Avoid mixing too strong of flavors, sweets and sours, for example. If my character from my Starke Dead mystery series, Aunt Maddie, was making the chili/Mexican/pasta slumgullion above, she'd add apple pie! Okay, an extreme example, but Aunt Maddie is pretty extreme herself. Also avoid too many different added spices. Both these mistakes will make the food taste strange and murky and possibly not like food at all.

If you have "simple" leftovers, such as cooked vegetables and chicken, consider which spices to use and try different ones for a "refreshed" dish. (I might use coriander, thyme and pepper for the vegetables and chicken, for example.)

Avoid mixing tomatoes, vinegar or lemon juice with peas, green beans and/or broccoli as the green vegetables will turn brown and bitter.

One last trick: You can always pour gravy over everything, yum, or use the gravy as a base for a refreshed slumgullion soup, yum!

Readers, questions, suggestions, tales of culinary disaster?

A flyer for a booksigning of Family Recipes from the Snake River Plain, which includes my slumguillion recipe and other great recipes from great cooks, fry sauce, dream cake, zucchini rounds, but you can get a copy today here! Enjoy!




Monday, May 4, 2015

Leave Politics, Agendas and Rants Out of Your Public Social Media: A Rant

All proceeds from sales of Romance and Mystery Authors on Writing go to libraries!

The newest publication I'm in, Romance and Mystery Authors on Writing, inspired me to this rant.

Nowadays if you're an author selling titles you have to be on social media. But there are some guidelines if you want to have a good effect, i.e. have people buy your books, when you are using Facebook, Twitter, Google+, etc.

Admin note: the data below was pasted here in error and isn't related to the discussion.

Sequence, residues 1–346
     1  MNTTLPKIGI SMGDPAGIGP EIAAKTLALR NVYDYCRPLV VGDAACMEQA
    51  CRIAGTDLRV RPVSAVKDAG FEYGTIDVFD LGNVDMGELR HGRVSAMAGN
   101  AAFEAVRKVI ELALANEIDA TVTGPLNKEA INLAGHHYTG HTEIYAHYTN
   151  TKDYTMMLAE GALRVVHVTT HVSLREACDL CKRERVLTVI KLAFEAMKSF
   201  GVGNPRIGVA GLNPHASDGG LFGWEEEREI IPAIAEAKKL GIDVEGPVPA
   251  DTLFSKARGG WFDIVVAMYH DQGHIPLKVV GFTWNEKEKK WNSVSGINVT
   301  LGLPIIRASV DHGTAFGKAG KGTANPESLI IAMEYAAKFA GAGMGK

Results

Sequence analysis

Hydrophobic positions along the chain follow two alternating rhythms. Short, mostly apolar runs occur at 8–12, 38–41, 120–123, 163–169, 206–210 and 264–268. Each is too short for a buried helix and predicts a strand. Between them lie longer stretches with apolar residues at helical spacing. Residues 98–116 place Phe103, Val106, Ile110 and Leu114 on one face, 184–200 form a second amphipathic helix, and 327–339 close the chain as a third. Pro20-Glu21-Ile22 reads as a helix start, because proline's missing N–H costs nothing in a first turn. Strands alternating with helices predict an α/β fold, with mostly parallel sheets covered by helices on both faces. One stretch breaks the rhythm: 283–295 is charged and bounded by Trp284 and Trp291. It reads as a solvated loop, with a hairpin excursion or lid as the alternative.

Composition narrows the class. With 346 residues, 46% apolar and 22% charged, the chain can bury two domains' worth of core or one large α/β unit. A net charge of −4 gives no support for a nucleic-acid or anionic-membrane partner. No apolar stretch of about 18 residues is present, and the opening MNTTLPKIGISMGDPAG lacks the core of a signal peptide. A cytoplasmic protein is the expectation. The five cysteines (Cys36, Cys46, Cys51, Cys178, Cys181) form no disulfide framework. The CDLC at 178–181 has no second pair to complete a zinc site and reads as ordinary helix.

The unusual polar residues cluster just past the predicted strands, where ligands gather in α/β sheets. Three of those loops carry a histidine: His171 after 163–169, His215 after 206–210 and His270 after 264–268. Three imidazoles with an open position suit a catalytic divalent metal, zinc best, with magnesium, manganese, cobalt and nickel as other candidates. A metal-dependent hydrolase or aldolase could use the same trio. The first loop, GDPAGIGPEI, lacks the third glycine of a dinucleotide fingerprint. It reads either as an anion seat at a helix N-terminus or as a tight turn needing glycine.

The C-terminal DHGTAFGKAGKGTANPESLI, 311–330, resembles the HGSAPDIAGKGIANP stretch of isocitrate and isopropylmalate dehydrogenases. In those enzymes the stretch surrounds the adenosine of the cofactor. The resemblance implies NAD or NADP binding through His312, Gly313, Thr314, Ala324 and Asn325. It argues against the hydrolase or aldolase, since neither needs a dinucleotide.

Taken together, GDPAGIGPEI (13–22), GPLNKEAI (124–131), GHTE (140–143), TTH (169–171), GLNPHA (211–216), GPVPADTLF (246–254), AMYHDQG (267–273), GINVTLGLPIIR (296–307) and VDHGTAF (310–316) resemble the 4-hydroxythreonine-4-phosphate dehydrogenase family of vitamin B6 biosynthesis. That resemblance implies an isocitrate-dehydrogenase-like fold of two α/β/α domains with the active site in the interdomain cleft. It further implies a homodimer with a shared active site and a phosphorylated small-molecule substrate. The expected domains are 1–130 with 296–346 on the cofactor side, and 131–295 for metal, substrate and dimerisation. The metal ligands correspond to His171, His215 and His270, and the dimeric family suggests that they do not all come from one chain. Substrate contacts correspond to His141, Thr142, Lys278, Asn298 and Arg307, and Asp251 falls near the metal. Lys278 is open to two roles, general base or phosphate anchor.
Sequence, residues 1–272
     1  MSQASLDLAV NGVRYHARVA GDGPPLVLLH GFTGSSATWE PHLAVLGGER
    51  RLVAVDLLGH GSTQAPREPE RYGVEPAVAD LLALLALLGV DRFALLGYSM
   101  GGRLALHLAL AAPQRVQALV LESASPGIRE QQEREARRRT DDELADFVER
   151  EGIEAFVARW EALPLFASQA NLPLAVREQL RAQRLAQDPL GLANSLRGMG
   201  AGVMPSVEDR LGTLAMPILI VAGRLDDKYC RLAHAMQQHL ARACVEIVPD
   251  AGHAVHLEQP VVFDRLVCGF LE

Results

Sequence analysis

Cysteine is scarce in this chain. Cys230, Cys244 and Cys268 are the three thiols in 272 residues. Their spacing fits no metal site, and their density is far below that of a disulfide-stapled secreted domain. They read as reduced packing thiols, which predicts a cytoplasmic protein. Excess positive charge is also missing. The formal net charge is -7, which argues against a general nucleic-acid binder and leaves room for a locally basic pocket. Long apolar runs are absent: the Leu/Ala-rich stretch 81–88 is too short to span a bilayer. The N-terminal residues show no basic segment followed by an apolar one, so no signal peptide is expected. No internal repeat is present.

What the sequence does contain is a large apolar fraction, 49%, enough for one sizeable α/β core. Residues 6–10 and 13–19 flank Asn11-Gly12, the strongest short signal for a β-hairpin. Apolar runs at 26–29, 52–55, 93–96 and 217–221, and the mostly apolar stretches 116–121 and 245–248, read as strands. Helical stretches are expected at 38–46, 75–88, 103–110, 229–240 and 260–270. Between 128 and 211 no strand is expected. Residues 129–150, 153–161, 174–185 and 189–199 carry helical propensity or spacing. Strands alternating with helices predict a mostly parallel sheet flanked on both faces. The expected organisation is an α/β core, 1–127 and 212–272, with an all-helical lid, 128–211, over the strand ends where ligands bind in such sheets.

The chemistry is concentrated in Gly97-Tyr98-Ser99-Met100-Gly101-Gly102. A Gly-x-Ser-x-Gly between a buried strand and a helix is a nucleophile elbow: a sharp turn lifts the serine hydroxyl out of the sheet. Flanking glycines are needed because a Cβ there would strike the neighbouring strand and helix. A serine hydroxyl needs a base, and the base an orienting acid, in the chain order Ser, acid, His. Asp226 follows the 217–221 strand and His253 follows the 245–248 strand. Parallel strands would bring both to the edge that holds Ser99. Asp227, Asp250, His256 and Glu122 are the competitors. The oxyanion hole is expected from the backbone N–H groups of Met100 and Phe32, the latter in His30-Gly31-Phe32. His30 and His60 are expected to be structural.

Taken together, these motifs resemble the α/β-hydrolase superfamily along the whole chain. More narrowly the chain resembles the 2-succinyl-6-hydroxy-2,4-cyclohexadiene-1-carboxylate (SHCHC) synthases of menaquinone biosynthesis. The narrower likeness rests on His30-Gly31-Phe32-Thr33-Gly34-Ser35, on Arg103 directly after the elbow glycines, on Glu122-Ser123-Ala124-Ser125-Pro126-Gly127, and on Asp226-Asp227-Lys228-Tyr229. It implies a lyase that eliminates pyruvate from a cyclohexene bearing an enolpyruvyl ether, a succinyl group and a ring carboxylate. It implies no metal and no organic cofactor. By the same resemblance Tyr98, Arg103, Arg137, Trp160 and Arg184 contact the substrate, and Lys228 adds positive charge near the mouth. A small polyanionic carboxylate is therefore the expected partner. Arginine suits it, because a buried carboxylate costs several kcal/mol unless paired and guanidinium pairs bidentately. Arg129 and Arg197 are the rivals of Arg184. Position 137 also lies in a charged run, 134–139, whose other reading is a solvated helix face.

A major one: be professional and share only content that would be interesting/funny/informative to your public audience. Or at least not annoying.

Or to put it another way: if you are using social media in an "I'm an author" public way then no proselytizing of any kind about politics, religion or any agenda. No rants, she says ranting.

There's one simple reason for this. It turns potential readers off.

How can you know what the impact of any post will be? It turns readers off quickly if they don't agree with whatever. You're assuming your audience agrees with you in all ways. Or that you can change their minds by floggings by social media--which almost never if ever happens.

The surprising thing is that it turns potential readers off even if they agree with whatever it is you're ranting about. This is because of several things. The first is that there's a certain air of smugness, an "everybody thinks/believes as I do because I'm right and I know it" about those sort of posts. There's also sometimes an implied mild threat of "you'd better hop on board with this or else..." Or else what? You won't let them read your work?

Most of all, writers with an agenda can push that agenda to all exclusion of everything else, including good writing. Readers know this. Sure it's possible to write a powerful, award winning agenda driven manuscript, but it's very difficult to do. Most are rants.

If you have Facebook or Pinterest or whatever just for family and friends then go ahead and post those rabid political cartoons, get into a comment fight with your granddaughter about some news item, or whatever. It's a personal page and therefore limited, not an author page with a public persona.

There's one sorta/kinda exception and that is if the issue is part and piecemeal of what you write. For example, if you have a character who struggles with a disability, than news items about something particular to that disability might be okay to post. Or personal stories around the issue. Same might be true around a subject in your nonfiction titles, new nutrition facts if you write cookbooks--if you keep it specific and/or personal. The line between okay and annoying is thin.

So, dear readers, do you agree? Disagree? Rant away in the comments!